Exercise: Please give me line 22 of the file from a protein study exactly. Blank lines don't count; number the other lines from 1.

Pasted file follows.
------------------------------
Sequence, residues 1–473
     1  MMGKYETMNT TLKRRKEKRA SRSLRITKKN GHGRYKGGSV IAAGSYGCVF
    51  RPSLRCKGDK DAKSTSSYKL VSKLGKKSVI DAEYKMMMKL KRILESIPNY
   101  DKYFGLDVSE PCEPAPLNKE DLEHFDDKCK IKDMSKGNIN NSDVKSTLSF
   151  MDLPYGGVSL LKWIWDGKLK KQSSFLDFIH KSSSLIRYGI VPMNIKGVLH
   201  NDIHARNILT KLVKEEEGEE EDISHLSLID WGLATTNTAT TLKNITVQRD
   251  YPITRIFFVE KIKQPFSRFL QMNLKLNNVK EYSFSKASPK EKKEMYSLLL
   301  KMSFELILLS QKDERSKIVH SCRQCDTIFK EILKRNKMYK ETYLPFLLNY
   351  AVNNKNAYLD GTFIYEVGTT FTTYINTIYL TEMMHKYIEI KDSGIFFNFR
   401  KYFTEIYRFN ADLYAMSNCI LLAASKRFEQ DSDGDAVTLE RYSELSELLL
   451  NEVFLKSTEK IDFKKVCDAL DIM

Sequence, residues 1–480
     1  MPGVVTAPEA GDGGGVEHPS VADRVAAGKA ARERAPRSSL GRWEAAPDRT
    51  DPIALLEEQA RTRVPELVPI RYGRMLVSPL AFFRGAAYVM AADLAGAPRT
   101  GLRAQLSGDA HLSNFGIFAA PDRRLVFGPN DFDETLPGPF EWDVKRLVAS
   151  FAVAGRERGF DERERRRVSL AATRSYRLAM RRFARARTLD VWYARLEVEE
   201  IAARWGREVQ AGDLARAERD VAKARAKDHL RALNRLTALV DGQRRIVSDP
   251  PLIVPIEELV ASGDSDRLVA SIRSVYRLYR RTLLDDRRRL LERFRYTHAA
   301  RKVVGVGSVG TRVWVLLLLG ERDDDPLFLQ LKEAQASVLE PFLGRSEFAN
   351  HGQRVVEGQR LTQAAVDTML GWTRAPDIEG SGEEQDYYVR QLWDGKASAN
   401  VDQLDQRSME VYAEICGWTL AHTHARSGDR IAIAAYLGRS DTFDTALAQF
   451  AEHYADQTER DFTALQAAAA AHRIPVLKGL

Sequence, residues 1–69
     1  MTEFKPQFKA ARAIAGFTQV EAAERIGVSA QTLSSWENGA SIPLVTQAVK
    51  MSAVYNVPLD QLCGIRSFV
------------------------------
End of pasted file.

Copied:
   451  AEHYADQTER DFTALQAAAA AHRIPVLKGL